The Asian Development Bank's (ADB's) loan to Bangladesh is going to be expensive in the coming years as it would provide nearly 86 per cent of its planned assistance from its hard window OCR, officials said Wednesday.
According to the ADB's proposal, it will provide nearly US$9.6 billion loan in next three years from 2018 to 2020.
Of the loans, 86 per cent or $8.26 billion will come from the non-concessional lending arm -- Ordinary Capital Resources (OCR).
The remaining 14 per cent or $1.36 billion is expected to come from the concessional loan providing arm -- the Concessional OCR Lending (COL).
The OCR is a market-based loan which depends on the LIBOR (London Inter-Bank Offered Rate).
According to the sources, the loan from OCR is charged interest based on the 6-month US$ LIBOR rate plus 500 basis points.
It also charges 0.15 per cent commitment fee on undisbursed amount and 0.15 per cent maturity premium for the loans.
The repayment period of the loans is also shorter than that of other donors like the World Bank and Japan.
The OCR loan is payable in 25 to 30 years with five years' grace period.
On the other hand, the interest rate for the COL loan is fixed at 2.0 per cent. Its maturity is 25 years with five-year grace period. There is no commitment fee or maturity premium applicable for this loan.
On August 14 this year, the six-month US$ LIBOR rate was 1.45 per cent. The LIBOR rate is flexible.
A senior official of the Economic Relations Division (ERD) said a few years back, the Manila-based lender was providing more concessional loan (ADF) than its non-concessional one (OCR). But it has been reversed in recent years, he added.
"Currently LIBOR rate is hovering at below 2.0 per cent rate. If the LIBOR increases in any time during the long repayment period of any ADB loans, we have to repay on that high rate. Everybody knows that the LIBOR rate jumped to 5.75 per cent in 2006-07 period," the official pointed out.
So, borrowing of the OCR loan from the ADB is risky for any country, he told the FE.
The country's largest multilateral donor World Bank charges 0.75 per cent interest rate for its loan to Bangladesh with 38 years of repayment period offering eight-year grace period.
Meanwhile, the largest bilateral development partner Japan charges 0.01 to 0.70 per cent interest rates on its loan for Bangladesh. The loan is payable in 30 years with a grace period of 10 years.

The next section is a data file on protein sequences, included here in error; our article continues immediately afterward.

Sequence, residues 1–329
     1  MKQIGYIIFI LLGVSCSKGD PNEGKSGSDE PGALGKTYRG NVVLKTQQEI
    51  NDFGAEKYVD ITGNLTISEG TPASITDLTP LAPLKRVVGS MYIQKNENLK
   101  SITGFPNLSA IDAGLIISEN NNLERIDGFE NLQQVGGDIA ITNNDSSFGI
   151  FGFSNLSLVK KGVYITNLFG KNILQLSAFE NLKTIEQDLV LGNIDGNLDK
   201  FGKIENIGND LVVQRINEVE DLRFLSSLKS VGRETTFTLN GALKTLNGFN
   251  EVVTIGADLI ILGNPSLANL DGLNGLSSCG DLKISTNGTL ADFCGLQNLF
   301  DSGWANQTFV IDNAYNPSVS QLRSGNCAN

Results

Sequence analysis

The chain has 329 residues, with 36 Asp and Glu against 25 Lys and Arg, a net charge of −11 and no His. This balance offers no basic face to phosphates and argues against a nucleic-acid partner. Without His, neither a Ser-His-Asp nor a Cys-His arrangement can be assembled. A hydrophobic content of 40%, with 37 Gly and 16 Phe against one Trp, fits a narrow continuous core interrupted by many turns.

The ADB is the second largest multilateral donor of Bangladesh which disbursed nearly US$800 million to $1.0 billion loans and grants in recent years.
In the FY2015-16, the ADB confirmed $1.1 billion loans and grants while it disbursed $823 million for development of Bangladesh.
In 2016, the ADB approved 10 projects for Bangladesh, with loans totalling $1.1 billion and technical assistance of $7.85 million. The Bank also mobilised $841.7 million in co-financing during 2016. The ADB has so far provided Bangladesh with $18.3 billion for 269 loans, $252.4 million for 422 technical assistance projects, and $787.10 million for 35 grants.
An official of Dhaka office of the ADB said although the ADF has been merged with the OCR, Bangladesh, as a poor country, will continue to get concessional loan in addition to the OCR.
The terms and conditions for the COL will be almost similar to those of loans from the ADF of the Bank, he told the FE.
"In the last three-year country lending programme up to 2017, the ADB made commitment to provide nearly $5.0 billion assistance. But in the next 3-year package, the amount has picked up to nearly $9.0 billion. So, the contribution from its OCR has been enhanced," the ADB official said.
ERD Secretary Kazi Shofiqul Azam told the FE that since Bangladesh needs huge investments to improve its infrastructure and social sector, the donor has extended its support to the country.
"We need higher investments. The ADB's financial support is going up year-on-year. We hope their support will facilitate Bangladesh's development," he added.
According to the ADB, the OCR equity of the Bank has almost been tripled from about $17.5 billion to nearly $49 billion by combining ADF equity (together with lending operations) to the OCR balance sheet. Economic Relations Division (ERD) officials said since Bangladesh's external fund demand has been rising, the ADB has been increasing its portfolio for the country even mobilising funds from the open market resulting in higher ratio of the hard-term loan.
When asked on the increased amount of OCR loan, ADB Country Director in Bangladesh Kazuhiko Higuchi told the FE: "The amount of concessional lending is based on country-specific allocation of available resources, which is fixed. Therefore, where demand for loans is high, as in Bangladesh, additional resource requirements are met from the market-based ordinary capital resources."
The ADB will continue to provide concessional lending to Bangladesh at the present level in the coming years. During 2011-2015, ADB lending was split about evenly between concessional lending and market-based lending, he said.
"In the five-year period of 2016-2020, the ADB's market-based OCR lending is expected to be more than concessional lending. This is a reflection of the ADB's aspiration to meet the country's need for greater infrastructure investment, especially in energy, transport, and urban and municipal infrastructure and services, in support of higher economic growth expected during the Seventh Five Year Plan," Mr Higuchi said.
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